PUCK Now, when thou wakest, with thine
own fool’s eyes peep.
OBERON Sound, music! Come, my queen, take hands with me,
And rock the ground whereon these sleepers be.
Now thou and I are new in amity,
And will to-morrow midnight solemnly
Dance in Duke Theseus’ house triumphantly,
And bless it to all fair prosperity:
There shall the pairs of faithful lovers be
Wedded, with Theseus, all in jollity.
PUCK Fairy king, attend, and mark:
I do hear the morning lark.
OBERON Then, my queen, in silence sad,
Trip we after the night’s shade:
We the globe can compass soon,
Swifter than the wandering moon.
TITANIA Come, my lord, and in our flight
Tell me how it came this night
That I sleeping here was found
With these mortals on the ground.
Max Reinhardt – A Midsummer Night’s dream (1935)
Directed by Max Reinhardt. With James Cagney (Bottom), Dick Powell (Lysander), Joe E. Brown (Flute), Jean Muir (Helena), Hugh Herbert (Snout), Ian Hunter (Theseus), Frank McHugh (Quince), Victor Jory (Oberon), Olivia de Havilland (Hermia), Ross Alexander (Demetrius), Verree Teasdale (Hippolyta, Queen of the Amazons), Anita Louise (Titania), Mickey Rooney (Puck), Arthur Treacher (Ninny’s Tomb), Billy Barty (Mustard Seed), Kenneth Anger (Changeling Prince), Angelo Rossitto (Gnome).
BW-144m. Closed captioning.
…Reinhardt’s Dream is a relic of the kind of Shakespeare that was being staged in the Edwardian era. Shakespeare had been a source for motion pictures since the art form was invented, but this Midsummer Night’s Dream represents the first big-budget Hollywood production of The Bard in the talkie era. That it came from Warner Brothers is integral to its curious composition, for that studio was best known for gangster thrillers and romantic musicals (thus, studio-contracted actors such as James Cagney, Mickey Rooney, and Dick Powell play major roles). In the long view, it seems fitting that a studio specializing in such mass-appeal fare would be best suited to do Shakespeare, and do him right.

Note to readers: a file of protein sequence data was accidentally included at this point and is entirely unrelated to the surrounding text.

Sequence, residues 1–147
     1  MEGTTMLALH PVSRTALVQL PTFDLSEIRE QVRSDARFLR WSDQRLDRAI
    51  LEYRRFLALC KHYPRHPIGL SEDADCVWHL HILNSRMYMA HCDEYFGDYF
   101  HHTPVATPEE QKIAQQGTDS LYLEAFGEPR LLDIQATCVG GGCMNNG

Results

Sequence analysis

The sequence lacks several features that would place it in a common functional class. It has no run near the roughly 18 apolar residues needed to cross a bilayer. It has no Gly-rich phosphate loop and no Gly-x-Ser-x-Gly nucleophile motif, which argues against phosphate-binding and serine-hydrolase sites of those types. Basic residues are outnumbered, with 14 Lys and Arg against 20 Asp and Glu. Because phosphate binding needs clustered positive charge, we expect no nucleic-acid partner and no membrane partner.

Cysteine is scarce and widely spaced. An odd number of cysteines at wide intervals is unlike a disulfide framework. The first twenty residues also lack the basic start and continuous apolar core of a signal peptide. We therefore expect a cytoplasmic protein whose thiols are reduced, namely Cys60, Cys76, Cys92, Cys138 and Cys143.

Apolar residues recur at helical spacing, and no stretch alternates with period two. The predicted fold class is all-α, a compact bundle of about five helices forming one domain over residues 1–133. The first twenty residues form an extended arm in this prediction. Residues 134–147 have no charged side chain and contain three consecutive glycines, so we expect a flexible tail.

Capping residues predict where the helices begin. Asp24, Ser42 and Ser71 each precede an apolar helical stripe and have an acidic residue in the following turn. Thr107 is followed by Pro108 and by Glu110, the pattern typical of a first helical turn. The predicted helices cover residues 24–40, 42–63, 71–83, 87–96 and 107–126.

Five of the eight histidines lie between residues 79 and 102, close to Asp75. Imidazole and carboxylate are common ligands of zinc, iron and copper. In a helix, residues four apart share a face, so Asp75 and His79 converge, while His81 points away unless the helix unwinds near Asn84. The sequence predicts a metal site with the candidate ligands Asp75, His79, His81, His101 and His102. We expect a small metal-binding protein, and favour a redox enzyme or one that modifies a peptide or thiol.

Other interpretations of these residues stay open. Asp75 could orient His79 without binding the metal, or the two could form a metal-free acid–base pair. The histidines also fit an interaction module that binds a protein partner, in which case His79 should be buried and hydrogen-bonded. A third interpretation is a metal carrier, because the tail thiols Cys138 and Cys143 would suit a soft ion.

However, in Depression-era America, Shakespeare was high art and an Old Country import. Warner Brothers wanted to make a prestige film, and the studio not only considered Shakespeare the epitome of prestige, it hired a man who, by Hollywood standards, was the most prestigious theater practitioner of the day. Reinhardt, a visionary who developed the concept of spectacle theater, had staged an elaborate Dream in his native Austria that he reprised at the Hollywood Bowl. Jack Warner saw this show, and his studio hired Reinhardt to replicate the spectacle on film. Reinhardt’s movie-making and English-speaking skills were scant, so William Dieterle was brought in to be co-director. What we get is Reinhardt’s extravagances combined with Dieterle’s technical skills.
Benjamin Britten – A Midsummer Night’s Dream (1960)
The opera begins with Shakespeare’s second act — in the woods — and there are only six words in the libretto that are not in the original play. To clarify why Hermia and Lysander are fleeing Athens (one of the major plot points in Shakespeare’s first act), Britten and Pears added the line, “compelling thee to marry with Demetrius,” for Lysander to explain Hermia’s plight.